New York area JetBlue, with the opening of its glossy Terminal 5 at JFK (www.panynj.com), helped spark the airport’s culinary makeover. New York chefs were commissioned to inject international flavor, which included Piquillo, the first Spanish tapas restaurant in a US airport; La Vie, a French brasserie helmed by Balthazar chefs; and Deep Blue Sushi, by Buddakan chef Michael Schulson. A wave of upscale eateries followed throughout JFK over the last year: The sleek steakhouse Palm Bar & Grille is the first airport outpost of the New York original, while Seafood Bar is from British import Caviar House & Prunier, and making a push into airports across the globe.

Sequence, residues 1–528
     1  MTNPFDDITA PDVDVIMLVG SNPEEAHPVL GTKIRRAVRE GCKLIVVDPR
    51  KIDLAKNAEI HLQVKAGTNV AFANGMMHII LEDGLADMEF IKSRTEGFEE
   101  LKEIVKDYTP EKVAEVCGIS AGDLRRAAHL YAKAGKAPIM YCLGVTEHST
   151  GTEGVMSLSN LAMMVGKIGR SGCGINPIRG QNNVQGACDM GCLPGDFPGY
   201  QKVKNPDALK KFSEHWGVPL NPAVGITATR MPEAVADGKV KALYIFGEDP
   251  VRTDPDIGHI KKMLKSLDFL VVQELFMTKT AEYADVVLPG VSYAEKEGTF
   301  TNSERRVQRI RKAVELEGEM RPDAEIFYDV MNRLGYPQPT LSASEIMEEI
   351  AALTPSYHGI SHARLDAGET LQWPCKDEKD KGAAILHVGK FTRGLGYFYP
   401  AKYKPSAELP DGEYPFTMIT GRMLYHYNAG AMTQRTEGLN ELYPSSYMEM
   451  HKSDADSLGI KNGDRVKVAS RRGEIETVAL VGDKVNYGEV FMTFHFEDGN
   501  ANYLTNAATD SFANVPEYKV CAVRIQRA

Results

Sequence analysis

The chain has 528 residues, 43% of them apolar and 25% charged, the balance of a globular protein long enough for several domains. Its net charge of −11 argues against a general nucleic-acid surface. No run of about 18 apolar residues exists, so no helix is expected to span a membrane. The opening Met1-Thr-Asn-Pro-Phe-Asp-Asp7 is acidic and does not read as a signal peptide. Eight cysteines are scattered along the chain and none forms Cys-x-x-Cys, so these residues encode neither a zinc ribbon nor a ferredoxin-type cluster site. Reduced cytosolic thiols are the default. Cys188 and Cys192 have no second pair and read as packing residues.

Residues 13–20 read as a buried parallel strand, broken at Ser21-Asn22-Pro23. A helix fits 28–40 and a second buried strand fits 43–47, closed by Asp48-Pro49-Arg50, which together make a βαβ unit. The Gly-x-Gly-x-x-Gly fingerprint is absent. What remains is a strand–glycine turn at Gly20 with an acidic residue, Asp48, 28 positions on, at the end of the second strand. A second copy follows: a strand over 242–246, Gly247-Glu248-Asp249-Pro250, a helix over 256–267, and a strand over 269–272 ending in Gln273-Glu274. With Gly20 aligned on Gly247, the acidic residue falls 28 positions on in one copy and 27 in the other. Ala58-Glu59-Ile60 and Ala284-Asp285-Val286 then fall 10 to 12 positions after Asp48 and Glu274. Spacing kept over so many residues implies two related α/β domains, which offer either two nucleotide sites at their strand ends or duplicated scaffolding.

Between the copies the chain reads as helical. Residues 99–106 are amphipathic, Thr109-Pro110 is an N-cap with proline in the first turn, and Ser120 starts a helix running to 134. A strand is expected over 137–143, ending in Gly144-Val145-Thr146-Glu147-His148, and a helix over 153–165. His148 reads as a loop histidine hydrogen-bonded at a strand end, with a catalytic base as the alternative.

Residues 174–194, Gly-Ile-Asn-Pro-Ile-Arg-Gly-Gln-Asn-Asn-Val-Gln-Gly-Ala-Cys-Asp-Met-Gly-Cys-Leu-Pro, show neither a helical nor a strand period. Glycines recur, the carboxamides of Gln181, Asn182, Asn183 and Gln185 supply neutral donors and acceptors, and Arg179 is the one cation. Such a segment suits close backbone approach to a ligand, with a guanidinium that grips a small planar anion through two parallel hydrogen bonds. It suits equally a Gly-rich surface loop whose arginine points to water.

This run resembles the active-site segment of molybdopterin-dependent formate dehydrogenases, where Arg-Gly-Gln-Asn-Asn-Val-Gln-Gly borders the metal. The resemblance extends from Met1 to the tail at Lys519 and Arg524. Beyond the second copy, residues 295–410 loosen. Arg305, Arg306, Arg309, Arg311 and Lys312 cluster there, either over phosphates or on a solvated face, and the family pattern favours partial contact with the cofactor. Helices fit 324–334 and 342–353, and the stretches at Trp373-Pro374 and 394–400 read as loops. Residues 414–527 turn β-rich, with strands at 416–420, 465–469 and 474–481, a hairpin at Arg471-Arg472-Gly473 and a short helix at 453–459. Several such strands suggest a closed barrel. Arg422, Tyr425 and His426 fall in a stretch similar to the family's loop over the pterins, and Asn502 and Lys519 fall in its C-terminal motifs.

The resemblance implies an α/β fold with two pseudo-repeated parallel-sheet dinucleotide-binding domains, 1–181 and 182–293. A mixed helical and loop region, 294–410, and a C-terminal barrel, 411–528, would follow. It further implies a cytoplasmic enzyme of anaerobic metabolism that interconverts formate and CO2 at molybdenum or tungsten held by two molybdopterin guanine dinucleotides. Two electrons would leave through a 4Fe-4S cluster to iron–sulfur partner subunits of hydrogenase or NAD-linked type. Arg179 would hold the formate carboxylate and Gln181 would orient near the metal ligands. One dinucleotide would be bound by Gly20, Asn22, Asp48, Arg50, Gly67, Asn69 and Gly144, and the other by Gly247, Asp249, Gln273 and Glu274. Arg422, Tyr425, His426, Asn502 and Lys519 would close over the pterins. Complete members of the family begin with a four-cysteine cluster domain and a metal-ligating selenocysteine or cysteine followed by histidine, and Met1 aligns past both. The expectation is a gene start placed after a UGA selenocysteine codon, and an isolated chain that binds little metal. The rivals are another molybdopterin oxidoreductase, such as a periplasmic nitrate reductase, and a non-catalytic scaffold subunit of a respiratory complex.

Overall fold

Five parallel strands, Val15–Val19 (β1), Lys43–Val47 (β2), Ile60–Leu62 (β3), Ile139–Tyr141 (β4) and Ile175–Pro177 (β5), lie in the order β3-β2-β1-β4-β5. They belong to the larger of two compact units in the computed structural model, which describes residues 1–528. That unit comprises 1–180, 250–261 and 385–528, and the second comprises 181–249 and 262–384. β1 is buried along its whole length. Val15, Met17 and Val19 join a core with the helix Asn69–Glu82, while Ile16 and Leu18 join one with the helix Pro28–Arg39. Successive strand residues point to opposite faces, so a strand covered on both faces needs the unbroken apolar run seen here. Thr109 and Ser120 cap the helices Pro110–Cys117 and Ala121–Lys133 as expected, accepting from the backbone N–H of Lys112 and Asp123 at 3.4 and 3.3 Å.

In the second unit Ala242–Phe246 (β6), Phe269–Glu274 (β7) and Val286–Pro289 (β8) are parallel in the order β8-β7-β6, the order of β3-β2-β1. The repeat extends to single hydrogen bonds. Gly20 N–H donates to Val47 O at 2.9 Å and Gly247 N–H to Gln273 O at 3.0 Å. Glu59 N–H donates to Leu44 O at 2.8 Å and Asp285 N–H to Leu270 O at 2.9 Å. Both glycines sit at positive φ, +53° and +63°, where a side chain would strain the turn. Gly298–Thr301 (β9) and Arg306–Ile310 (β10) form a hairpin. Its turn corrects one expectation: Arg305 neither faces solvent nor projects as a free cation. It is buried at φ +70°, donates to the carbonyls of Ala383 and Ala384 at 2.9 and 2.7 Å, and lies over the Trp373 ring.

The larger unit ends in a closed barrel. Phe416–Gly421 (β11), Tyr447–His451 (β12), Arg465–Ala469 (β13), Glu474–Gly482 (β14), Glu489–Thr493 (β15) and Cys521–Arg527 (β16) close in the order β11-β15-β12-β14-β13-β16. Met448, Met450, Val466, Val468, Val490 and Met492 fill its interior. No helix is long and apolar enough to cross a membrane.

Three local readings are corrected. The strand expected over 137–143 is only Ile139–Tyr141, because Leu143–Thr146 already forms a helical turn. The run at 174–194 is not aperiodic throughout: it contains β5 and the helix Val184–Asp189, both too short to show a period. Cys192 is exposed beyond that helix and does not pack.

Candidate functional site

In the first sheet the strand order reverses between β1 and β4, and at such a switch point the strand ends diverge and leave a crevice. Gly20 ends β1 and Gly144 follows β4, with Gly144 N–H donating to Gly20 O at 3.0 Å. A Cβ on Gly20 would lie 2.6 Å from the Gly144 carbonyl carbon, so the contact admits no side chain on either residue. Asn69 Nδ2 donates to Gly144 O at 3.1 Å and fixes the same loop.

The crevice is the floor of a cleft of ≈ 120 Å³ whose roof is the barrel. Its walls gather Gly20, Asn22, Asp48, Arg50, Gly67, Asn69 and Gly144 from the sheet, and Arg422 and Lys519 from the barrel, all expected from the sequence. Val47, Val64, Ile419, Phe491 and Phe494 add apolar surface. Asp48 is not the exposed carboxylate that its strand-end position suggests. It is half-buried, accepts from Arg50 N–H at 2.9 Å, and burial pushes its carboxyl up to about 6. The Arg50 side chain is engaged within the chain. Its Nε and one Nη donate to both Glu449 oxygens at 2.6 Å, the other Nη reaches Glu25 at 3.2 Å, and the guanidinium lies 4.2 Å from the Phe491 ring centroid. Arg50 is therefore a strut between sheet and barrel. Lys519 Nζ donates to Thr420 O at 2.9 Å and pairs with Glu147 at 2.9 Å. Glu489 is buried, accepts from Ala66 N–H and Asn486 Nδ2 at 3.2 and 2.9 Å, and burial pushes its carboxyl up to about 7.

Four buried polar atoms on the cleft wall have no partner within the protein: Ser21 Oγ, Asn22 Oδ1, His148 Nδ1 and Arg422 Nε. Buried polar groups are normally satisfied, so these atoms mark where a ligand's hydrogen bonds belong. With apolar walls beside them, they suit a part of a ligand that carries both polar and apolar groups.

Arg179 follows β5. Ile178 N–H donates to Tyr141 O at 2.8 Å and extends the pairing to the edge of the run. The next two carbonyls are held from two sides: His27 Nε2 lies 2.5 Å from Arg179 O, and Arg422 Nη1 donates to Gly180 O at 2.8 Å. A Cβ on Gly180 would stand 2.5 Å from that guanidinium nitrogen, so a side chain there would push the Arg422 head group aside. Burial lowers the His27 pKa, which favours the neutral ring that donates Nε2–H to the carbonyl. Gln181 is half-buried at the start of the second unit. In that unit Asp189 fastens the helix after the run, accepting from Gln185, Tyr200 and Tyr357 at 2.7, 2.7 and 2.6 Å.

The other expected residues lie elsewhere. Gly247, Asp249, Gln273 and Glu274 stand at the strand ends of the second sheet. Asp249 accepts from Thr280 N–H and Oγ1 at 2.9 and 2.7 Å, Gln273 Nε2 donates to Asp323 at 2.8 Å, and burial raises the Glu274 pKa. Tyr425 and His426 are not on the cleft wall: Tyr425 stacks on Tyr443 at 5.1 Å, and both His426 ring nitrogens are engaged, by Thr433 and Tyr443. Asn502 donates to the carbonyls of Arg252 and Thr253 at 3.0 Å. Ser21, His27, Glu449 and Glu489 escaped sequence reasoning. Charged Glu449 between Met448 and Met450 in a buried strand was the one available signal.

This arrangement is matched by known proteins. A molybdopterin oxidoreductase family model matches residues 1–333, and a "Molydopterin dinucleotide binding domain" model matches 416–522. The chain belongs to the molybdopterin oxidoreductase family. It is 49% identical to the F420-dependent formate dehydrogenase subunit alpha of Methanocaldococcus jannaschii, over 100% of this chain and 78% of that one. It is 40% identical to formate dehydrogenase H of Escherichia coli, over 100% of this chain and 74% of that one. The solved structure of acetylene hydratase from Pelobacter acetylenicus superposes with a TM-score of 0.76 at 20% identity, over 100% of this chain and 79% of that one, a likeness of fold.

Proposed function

Bypass Budweiser at a sports bar, and relax at the cocktail den Stone Rose (www.gerberbars.com), the snazzy airport debut by nightlife guru Rande Gerber. As for wine: One of our favorites is the stylish lounge Vino Volo (www.vinovolo.com). Sink into a soft-leather banquette for a pre-flight tasting flight of local wines, like Hudson Valley and Long Island vintages. And, if you don’t finish your wine, they’ll cork the bottle for you, and you can take it on the plane, where the flight attendants will serve you the rest.